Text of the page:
Pine shavings and poop in the garden?

Discussion in 'Managing Your Flock' started by McGoo, Jun 23, 2008.

  1. McGoo

    McGoo Songster

    Hope someone can help with this question ... and not sure what forum it belongs in, if any.

    I had my 10 little chicks in a large pen (9x8) w/ a lot of pineshavings for about 5 weeks. I didn't want to toss the pineshavings and so I put them as a ground cover in my vegetable garden. There is some poop in there... but I don't think it's that concentrated. What's your thought? I forgot to mention that the chicks were outside in the daytime in another pen when the weather was good.

    Do you think that the pine shavings and poop would be too intense to go directly in the garden? I covered the surface of the garden, but could thin it out a bunch.

    What do you think? [​IMG]
  2. ChickenToes

    ChickenToes Songster

    May 14, 2008
    NE Wisconsin
    I think it's supposed to be composted for awhile before you put it in the garden.
  3. MandyH

    MandyH You'll shoot your eye out!

    I never put it on the garden when it's already planted and growing because it will burn your plants. What I do is throw it on the garden all winter then till it under in spring, let it sit til time to plant, then till it under again and plant. I have some squash plants that are chest high to me!!!!!! That is the BEST fertilizer ever made. In the summer I compost it and use that for my stuff planted in pots and barrels the following Spring.
  4. meriruka

    meriruka Songster

    Oct 18, 2007
    You probably want to let it sit for a year...
    I've been trying, but I can't get the shavings to break down, they just look soggy. Maybe you'll have better luck....
  5. panner123

    panner123 Songster

    Jan 15, 2007
    Garden Valley, ca
    Quote:The correct way to do it as told by Kristen. As for the squash being chest high to her, she forgot to tell us, she is only four feet six inches tall. [​IMG] Only joking!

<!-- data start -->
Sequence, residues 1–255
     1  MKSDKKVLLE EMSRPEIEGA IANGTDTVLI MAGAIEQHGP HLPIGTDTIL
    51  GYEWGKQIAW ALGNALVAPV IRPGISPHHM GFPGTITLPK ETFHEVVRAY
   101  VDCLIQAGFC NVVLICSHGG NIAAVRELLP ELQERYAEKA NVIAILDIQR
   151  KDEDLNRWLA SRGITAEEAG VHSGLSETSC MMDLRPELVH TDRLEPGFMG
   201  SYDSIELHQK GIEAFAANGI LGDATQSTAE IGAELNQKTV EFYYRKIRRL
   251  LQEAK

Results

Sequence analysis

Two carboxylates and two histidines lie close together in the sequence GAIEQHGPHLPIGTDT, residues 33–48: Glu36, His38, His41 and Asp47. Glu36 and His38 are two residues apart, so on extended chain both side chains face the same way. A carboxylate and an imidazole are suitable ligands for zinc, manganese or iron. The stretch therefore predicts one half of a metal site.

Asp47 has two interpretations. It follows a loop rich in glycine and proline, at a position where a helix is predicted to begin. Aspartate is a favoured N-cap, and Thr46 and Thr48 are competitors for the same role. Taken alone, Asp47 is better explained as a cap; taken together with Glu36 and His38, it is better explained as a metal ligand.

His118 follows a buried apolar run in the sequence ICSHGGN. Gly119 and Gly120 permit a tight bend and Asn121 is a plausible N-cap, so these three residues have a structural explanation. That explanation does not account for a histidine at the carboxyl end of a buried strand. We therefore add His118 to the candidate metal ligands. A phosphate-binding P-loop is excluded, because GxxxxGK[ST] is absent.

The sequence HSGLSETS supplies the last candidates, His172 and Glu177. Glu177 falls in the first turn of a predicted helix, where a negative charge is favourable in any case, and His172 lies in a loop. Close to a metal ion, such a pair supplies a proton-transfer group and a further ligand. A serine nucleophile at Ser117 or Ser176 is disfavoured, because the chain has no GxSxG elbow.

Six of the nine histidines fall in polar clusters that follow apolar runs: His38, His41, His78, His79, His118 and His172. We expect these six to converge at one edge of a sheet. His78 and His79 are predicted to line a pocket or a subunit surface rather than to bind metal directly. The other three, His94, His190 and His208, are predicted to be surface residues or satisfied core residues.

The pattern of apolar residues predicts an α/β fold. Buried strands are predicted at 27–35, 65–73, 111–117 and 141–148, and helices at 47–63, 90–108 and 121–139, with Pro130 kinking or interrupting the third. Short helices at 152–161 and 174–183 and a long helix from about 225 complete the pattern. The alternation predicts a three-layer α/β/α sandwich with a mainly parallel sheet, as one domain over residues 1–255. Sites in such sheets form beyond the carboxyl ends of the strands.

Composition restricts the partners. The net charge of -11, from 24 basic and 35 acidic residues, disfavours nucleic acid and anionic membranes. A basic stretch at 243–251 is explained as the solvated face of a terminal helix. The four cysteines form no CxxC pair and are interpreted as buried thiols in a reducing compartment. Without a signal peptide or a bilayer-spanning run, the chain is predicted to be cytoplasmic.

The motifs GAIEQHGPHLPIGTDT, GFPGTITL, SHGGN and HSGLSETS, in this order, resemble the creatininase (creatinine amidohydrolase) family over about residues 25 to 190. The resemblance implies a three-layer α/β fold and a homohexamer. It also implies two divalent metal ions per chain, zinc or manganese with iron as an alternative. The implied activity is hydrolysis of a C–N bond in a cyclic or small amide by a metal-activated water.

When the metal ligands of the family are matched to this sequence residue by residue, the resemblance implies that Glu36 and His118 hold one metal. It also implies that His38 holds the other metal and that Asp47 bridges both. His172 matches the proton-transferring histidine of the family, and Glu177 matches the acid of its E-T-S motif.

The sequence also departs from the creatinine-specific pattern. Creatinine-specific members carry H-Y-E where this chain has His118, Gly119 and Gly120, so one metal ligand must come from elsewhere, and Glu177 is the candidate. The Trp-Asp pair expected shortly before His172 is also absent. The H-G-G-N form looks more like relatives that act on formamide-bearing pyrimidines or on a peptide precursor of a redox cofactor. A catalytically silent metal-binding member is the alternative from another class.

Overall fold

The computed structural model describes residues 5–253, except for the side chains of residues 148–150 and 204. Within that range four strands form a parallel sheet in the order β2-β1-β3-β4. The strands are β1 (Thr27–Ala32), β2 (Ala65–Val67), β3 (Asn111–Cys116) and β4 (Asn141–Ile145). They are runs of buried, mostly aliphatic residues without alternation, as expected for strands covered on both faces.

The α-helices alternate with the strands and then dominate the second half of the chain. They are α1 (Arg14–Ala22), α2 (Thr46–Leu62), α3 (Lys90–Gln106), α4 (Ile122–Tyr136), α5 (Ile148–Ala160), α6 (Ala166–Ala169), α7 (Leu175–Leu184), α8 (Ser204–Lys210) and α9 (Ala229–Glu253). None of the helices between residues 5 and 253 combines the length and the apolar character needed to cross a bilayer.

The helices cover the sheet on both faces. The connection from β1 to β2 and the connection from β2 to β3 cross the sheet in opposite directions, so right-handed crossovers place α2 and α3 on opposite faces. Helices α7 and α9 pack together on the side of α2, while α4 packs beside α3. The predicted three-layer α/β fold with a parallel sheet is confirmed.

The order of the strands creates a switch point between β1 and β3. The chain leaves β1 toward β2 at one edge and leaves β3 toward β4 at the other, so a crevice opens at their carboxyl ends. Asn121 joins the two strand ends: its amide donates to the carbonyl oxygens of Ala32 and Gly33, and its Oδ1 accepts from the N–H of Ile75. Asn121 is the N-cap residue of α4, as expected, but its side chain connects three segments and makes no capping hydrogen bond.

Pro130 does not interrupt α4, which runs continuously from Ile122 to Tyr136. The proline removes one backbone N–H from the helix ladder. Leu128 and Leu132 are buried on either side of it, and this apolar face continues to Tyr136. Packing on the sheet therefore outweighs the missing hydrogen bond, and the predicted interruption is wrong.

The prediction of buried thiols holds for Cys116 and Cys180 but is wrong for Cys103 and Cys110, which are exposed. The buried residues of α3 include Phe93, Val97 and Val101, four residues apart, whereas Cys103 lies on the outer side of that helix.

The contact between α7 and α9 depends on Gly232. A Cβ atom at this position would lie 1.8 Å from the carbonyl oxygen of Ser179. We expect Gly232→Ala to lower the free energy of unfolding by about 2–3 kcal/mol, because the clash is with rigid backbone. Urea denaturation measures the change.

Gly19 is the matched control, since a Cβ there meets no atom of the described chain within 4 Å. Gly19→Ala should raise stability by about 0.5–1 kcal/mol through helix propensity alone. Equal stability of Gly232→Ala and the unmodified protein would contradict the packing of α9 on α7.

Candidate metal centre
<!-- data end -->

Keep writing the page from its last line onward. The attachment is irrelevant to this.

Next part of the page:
6. Sparrow

    Sparrow Songster

    Apr 11, 2008
    I have a bucket that I keep by the room I am brooding my chicks in(they are still in my house), and when I have to clear waterers of pine shavings, I dump it in the bucket. It gets filled up with water, pine shavings, chicken and duck poop, and feathers. I dump it out afterwards in my yard(I live in the country and do NOT have a manicured yard lol). There is a pumpkin vine growing right next to where I dump the bucket, and this year is the first year I have dumped chicken water on it. It is insanely HUGE this year!! Easily several times the size that it has been in previous years! Obviously it likes the creepy water.

    My brother is into growing plants, and I'm going to start giving him some of that water to pour on his sunflowers that he planted outside too. I will see if it makes such a difference with them too.
  7. ozark hen

    ozark hen Living My Dream

    Apr 4, 2007
    Mansfield, MO
    since I use the deep litter method, I only clean the coop out twice a year..spring and fall, both times straight to the garden, but then I turn the garden over and it sits for a couple months. Actually, it is late winter when it goes onto the garden...about early March or so. My veggies are huge and a neighbor who uses commercial fertilzers on her garden can't get over how big the veggies are in my garden, and keeps saying, you don't buy fertilzer? I tell her no, just the litter from the coop. She asks every single summer...go figure [​IMG]
  8. ravenfeathers

    ravenfeathers Songster

    May 23, 2008
    Quote:it takes a minimum of two years for shavings to break down and compost. i've had some that took three years. you can use the stuff to amend your soil after a year. it will look kind of funky, but will continue to break down in your garden.
  9. Buff Hooligans

    Buff Hooligans Scrambled

    Jun 11, 2007
    Quote:Gosh darn, I wish someone had told me that last year when I started composting the coop litter ! ! ! I had to go out and buy cow manure in bags this year because my kitchen scrap composter was all messed up by non-decomposed shavings.
    Last edited: Jun 24, 2008
  10. Wynette

    Wynette Moderator

    Sep 25, 2007
    I'd posted on another similar thread about this - I used to put all my pine shavings/manure from my horse stalls in my garden, and my veggies got progressively worse. By the 3rd year, the plants would grow, but no veggies. I took a soil samle in to the local university extension service to find out what was going wrong, and they did an extensive analysis (for $10 - quite a deal, I thought!) and gave recommenations. In a nutshell, the pine shavings took it way off the charts for one level - don't recall if it was pH or acidity, but one of them. It took 2 FULL years to get it back on track. So, I don't put any pine shavings in my garden any longer. I sure learned my lesson! Those 2 years we had veggies in big pots all summer, which worked out okay, but we had maybe 1/10 of what we usually have in plants!

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